One of the great changes I’ve seen in recent times with photography related companies, has been a renewed sense of effort that goes into actually listening to what we the customers are saying. Now, I’m not fooled into thinking this is some spiritual altruistic shift, but rather the way companies need to behave to hang on to clients. We see this in the cameras that companies are producing and including features that users have been aching for, and also in how they often handle mishaps.
Sony clearly has been listening to the broader consumer base as has Fuji, as the two companies are putting out products that are just satisfying such a tremendous market share. Then Nikon, recently with the amount of money they’ve poured into sorting the D600 problems, and now they are replacing them with the newer D610. It’s a customer climate. Adobe, has quite possibly been listening keenest for the longest. With the Creative Cloud program, while not favored by everyone, it has allowed the company to have more feedback, more quickly than ever. This, in turn, has led them to be able to issue updates specific to what’s wanted, and much faster.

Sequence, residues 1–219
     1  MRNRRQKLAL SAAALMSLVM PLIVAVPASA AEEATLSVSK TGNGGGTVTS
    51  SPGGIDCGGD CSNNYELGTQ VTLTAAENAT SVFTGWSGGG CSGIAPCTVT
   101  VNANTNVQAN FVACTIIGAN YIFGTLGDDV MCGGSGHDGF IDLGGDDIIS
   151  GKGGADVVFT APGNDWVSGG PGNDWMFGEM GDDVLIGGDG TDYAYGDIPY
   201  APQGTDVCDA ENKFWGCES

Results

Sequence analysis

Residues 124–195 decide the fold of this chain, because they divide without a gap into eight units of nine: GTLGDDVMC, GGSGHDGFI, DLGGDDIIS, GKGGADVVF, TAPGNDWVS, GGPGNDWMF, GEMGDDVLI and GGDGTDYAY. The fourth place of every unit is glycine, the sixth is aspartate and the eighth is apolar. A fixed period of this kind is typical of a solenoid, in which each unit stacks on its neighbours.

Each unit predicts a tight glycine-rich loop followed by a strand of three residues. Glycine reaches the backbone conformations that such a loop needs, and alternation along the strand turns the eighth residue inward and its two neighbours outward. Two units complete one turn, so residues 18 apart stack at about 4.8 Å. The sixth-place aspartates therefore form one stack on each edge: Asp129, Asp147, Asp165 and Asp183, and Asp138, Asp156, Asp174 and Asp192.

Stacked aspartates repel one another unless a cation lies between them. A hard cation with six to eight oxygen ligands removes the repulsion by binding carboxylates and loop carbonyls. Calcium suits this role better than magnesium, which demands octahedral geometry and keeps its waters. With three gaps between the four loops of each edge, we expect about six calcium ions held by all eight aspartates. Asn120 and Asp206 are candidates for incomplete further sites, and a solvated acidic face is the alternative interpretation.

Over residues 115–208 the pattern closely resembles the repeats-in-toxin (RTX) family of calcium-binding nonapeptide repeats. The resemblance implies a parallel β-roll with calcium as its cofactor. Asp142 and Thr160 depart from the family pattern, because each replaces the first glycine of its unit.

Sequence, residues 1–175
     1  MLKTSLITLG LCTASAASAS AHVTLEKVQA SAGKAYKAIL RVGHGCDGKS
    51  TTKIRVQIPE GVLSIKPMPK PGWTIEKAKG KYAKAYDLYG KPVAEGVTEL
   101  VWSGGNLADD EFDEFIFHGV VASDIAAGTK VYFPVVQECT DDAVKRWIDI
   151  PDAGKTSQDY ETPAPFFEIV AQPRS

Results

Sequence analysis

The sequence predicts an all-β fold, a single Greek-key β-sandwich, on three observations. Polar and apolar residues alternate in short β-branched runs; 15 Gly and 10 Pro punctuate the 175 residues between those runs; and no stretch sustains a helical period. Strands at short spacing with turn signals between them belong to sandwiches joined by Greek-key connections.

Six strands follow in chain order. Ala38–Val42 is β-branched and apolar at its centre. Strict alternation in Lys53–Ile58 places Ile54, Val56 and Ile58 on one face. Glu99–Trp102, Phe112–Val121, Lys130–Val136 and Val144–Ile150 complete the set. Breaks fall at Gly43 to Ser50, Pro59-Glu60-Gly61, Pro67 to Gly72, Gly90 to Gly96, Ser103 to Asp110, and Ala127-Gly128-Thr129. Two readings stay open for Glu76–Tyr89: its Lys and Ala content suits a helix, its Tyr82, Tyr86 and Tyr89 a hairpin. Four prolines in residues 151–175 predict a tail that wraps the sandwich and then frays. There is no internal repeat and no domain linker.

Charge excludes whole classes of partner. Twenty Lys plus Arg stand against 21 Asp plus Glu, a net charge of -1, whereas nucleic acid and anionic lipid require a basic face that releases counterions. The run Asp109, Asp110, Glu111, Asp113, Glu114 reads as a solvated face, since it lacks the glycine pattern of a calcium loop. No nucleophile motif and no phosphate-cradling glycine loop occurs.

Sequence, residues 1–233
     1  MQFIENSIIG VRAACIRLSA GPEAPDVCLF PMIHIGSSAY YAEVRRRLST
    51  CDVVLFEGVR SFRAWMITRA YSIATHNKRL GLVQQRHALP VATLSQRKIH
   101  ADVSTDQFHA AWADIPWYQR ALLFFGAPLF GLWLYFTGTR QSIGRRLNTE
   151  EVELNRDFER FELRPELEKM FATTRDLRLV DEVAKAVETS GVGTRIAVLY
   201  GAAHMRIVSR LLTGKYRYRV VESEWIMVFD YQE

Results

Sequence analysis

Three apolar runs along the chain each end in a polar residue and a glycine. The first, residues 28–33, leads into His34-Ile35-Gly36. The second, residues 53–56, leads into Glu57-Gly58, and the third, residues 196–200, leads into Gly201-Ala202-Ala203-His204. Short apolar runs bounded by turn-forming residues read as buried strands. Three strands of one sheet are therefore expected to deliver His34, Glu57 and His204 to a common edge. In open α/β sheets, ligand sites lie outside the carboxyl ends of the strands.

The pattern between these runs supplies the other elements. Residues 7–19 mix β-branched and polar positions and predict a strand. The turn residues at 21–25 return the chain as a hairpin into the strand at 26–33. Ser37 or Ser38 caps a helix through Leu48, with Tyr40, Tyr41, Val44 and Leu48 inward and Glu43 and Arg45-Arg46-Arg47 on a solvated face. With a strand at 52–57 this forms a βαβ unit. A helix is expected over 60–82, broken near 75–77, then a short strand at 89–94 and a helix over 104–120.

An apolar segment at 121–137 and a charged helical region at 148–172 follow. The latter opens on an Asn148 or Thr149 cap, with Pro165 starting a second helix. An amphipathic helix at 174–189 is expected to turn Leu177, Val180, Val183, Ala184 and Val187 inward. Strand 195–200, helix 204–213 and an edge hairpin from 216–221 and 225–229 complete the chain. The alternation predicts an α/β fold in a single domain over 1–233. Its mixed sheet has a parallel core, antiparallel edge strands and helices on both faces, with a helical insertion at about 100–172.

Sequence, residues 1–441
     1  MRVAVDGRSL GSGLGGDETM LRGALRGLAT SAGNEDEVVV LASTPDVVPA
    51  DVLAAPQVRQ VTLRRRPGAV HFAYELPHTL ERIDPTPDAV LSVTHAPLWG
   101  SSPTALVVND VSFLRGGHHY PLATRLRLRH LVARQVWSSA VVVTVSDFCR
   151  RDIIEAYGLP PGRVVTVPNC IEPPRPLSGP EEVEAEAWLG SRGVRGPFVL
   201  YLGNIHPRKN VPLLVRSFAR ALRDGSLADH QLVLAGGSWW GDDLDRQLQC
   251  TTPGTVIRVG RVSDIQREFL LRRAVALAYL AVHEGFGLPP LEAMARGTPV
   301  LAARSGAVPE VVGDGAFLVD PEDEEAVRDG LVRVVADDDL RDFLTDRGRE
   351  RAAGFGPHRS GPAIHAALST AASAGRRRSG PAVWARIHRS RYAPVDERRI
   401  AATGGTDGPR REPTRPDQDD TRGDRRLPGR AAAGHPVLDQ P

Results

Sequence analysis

[REWIND: How To Use The Liquify Tool In Photoshop]
Doing a survey on social media, they realized there was a huge portion of people who want to understand how to use Photoshop for video, ranging from the high end to basic users. Among the requests was to learn how to take a still from a video, especially now that video is recorded at such high quality. They’ve answered with this great short video.
Note that this is not just like freezing a frame and taking a screen capture. As such the process is obviously more arduous, but nothing to be intimidated by, and the results are brilliant. Photoshop will allow you to use an image sequencing mode, which lets you pick a particular frame, assign a size, what format, and even how to align numerous frames as layers to end up with a more stabilized and sharper final image. Furthermore, you are able to use a short trick to remove dust and noise, and even people, with relative ease. You also have options on how to view each frame so you don’t have to open hundreds of layers. Using intuitive movements and a sensible workflow, this will allow you to get just the right still that you want.
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